- Take shelter immediately. If outside, families should move indoors with their pets as soon as possible. To reduce the impact of dust, cover eyes, nose, and mouth using a bandana, scarf, shirt, or hands. If having to remain outside, families should stay low and cover up.
- Practice safe driving. Encourage families to pull off the roadway, turn off all car lights, set the air conditioner to recycled air, and stay in the vehicle with seatbelts buckled until the storm passes.
- Monitor children for respiratory issues. Symptoms of dust exposure include wheezing, shortness of breath, sore throats, flu-like aches and pains, and fatigue. Seek medical attention when it is safe if children develop any of these symptoms.
To address children’s reactions during a windstorm, parents and caregivers can:
- Model calm behavior. Children may mirror the reactions of adults around them and will learn ideas for how to take care of themselves from what parents and caregivers do.
- Provide simple but accurate information in a quiet, steady voice.
- Encourage comforting or distracting activities. Children may benefit from doing slow breathing to calm their bodies, having a stuffed animal or blanket to hold, or engaging in simple activities to keep distracted when sheltering inside. For additional ideas, view these handouts.
- Practice their own self-care. Parents and caregivers may benefit from finding opportunities to take a moment for themselves, express their feelings, acknowledge that it is a scary situation, and engage in a coping strategy.
After a windstorm, most families will adjust and be able to return to their normal routines rather quickly. Most children will demonstrate resilience. Some children may react more strongly, however, if their homes or schools experienced damage. Parents and caregivers can support children by modeling effective problem-solving, maintaining consistent daily routines, and providing accurate information about repairs and changes the family or community will need to make after the storm. Those children who have experienced a loss of a loved one or pet will need additional grief support to help them adjust.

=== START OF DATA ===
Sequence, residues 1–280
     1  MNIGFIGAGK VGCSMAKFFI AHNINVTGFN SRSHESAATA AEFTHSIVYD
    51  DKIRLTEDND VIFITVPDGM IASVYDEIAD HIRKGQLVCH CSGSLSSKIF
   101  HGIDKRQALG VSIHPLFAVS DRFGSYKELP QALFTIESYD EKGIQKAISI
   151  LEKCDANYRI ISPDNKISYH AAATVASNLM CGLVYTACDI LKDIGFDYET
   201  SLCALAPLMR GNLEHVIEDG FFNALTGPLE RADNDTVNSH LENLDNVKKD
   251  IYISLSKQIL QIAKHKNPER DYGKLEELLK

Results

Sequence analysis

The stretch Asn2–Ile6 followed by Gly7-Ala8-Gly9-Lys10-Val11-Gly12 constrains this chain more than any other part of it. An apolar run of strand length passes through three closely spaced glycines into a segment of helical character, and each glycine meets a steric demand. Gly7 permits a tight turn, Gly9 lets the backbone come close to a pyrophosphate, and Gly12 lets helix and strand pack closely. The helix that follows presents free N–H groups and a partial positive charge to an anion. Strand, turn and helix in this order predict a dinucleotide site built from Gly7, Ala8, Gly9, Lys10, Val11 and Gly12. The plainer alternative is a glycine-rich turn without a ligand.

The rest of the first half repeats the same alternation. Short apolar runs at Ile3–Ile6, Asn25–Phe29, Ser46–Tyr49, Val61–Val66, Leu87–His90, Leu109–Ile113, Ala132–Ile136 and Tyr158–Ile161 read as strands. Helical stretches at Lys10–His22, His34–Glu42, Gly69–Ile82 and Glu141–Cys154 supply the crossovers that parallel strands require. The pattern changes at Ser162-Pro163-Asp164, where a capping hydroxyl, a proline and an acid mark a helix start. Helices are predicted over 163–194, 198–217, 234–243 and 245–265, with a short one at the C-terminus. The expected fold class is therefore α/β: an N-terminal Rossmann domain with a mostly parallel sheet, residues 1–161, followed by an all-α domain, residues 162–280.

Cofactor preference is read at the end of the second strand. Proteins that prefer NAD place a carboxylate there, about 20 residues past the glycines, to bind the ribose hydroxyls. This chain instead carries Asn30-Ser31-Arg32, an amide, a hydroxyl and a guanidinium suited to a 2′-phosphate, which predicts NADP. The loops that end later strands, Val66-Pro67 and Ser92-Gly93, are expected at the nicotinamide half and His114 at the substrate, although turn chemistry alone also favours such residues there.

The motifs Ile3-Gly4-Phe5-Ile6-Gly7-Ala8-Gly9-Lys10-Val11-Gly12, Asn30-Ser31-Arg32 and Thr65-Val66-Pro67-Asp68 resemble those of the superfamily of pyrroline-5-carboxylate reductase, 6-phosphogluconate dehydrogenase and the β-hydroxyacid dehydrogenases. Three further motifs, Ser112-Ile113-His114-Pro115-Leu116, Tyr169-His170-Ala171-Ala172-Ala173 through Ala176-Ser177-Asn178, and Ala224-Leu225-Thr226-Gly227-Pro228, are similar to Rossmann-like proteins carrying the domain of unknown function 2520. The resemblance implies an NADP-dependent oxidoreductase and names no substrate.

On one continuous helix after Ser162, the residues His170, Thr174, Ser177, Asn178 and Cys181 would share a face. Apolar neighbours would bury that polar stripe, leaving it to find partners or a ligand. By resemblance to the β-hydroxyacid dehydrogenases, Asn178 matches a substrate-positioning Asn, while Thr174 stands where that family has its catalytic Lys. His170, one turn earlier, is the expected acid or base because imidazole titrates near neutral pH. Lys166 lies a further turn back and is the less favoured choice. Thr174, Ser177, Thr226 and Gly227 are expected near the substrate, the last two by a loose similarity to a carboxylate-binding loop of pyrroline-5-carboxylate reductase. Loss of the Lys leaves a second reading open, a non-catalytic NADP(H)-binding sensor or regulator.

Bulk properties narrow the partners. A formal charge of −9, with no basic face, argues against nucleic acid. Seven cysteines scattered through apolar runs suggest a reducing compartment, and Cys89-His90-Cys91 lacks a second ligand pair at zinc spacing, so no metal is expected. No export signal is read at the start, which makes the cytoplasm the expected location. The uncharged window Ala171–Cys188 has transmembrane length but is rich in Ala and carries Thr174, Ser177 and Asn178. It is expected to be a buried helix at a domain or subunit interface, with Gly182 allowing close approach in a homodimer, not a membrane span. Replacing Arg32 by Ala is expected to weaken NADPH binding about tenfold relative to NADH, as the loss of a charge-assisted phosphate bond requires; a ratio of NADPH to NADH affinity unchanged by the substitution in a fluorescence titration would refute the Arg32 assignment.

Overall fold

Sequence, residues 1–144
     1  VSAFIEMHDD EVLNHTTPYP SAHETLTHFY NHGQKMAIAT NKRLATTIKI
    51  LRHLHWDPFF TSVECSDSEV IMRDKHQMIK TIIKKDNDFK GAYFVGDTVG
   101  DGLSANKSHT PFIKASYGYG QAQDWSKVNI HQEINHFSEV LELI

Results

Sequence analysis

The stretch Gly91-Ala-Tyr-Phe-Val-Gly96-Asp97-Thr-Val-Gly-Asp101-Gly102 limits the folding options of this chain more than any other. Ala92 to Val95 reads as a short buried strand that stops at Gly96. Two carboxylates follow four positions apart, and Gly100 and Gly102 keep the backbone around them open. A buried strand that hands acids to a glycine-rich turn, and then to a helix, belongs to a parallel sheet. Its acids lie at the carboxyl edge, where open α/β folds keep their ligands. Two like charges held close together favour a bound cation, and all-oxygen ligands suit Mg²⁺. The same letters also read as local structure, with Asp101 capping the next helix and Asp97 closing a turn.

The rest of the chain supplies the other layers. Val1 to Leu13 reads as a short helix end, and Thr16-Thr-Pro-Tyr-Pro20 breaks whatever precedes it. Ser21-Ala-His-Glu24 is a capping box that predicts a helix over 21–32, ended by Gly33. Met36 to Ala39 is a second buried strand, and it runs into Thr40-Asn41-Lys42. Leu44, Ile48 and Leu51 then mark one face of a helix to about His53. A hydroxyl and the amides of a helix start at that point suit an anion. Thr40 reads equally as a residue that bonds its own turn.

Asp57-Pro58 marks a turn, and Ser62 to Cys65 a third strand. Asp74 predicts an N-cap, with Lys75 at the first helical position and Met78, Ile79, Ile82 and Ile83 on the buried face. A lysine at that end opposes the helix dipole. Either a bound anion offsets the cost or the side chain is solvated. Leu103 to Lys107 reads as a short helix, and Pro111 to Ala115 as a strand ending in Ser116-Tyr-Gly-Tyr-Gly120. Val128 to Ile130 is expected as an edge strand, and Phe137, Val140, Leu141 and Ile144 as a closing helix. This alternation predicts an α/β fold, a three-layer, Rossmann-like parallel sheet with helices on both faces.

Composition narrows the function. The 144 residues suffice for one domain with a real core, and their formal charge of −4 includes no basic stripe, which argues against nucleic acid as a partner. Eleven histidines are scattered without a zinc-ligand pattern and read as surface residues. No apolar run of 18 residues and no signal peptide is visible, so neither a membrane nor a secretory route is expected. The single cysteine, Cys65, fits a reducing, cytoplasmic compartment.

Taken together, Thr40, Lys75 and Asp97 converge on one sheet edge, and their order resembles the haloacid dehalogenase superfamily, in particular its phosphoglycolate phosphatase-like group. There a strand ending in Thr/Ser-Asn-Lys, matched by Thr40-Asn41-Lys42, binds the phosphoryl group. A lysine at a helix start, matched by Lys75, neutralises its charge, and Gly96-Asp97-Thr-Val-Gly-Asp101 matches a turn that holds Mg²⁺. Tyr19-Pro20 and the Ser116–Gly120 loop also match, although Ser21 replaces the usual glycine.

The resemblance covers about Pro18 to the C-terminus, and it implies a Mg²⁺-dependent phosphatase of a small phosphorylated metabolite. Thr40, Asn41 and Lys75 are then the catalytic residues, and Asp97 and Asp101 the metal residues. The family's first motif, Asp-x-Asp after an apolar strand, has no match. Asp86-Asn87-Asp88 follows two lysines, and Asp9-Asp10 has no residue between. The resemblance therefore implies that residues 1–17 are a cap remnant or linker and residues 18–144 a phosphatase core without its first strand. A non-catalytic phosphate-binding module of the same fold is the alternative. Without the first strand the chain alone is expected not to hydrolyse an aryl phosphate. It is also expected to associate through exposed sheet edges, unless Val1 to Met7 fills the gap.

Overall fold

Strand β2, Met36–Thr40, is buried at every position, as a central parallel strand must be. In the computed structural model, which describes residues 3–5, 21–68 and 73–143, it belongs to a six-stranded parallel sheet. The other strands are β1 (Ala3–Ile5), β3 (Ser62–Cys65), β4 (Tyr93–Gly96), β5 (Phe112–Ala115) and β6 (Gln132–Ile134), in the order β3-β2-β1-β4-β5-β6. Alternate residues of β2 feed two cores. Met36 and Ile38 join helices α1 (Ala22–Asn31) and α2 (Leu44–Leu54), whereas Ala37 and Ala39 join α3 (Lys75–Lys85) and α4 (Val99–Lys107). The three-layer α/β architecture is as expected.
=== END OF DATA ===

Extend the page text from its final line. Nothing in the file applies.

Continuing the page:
Below are resources to support children, families, and communities to recover after windstorms.
The national Disaster Distress Helpline (call or text 1-800-985-5990; for Spanish, press “2”) is dedicated to providing crisis counseling and support 24/7/365 for anyone in the U.S./territories experiencing emotional distress or other mental health concerns related to any natural or human-caused
Aims to help survivors gain skills to manage distress and cope with post-disaster stress and adversity. This course utilizes skills-building components from mental health treatment that have been found helpful in a variety of post-trauma situations.
Offers activity ideas to parents and caregivers whose families are sheltering in place, social distancing, and homeschooling due to school closures amidst the COVID-19 outbreak.
Helps parents talk to their kids about the disasters they may face and know how best to support them throughout—whether sheltering-in-place at home, evacuating to a designated shelter, or helping your family heal after reuniting.
Lets responders review PFA guidelines and assess their readiness to deliver PFA in the field.
Is a handout from Psychological First Aid Field Operations Guide (PFA). This handout provides parents with common reactions after a disaster, ways to respond to those reactions, and examples of things you can say to your adolescent.
Is a handout from Psychological First Aid Field Operations Guide (PFA). This handout provides parents with common reactions after a disaster, ways to respond to those reactions, and examples of things you can say to your infants or toddlers.
Is a handout from Psychological First Aid Field Operations Guide (PFA). This handout provides parents with common reactions after a disaster, ways to respond to those reactions, and examples of things you can say to your preschool-age child.
Is a handout from Psychological First Aid Field Operations Guide (PFA). This handout provides parents with common reactions after a disaster, ways to respond to those reactions, and examples of things you can say to your school-age child.
Includes a 6-hour interactive course that puts the participant in the role of a provider in a post-disaster scene. This course is for individuals new to disaster response who want to learn the core goals of PFA, as well as for seasoned practitioners who want a review.
Gives guidance on responding to disaster or terrorism events using the Psychological First Aid intervention. This evidence-informed approach helps to assist children, adolescents, adults, and families in the aftermath of disaster and terrorism.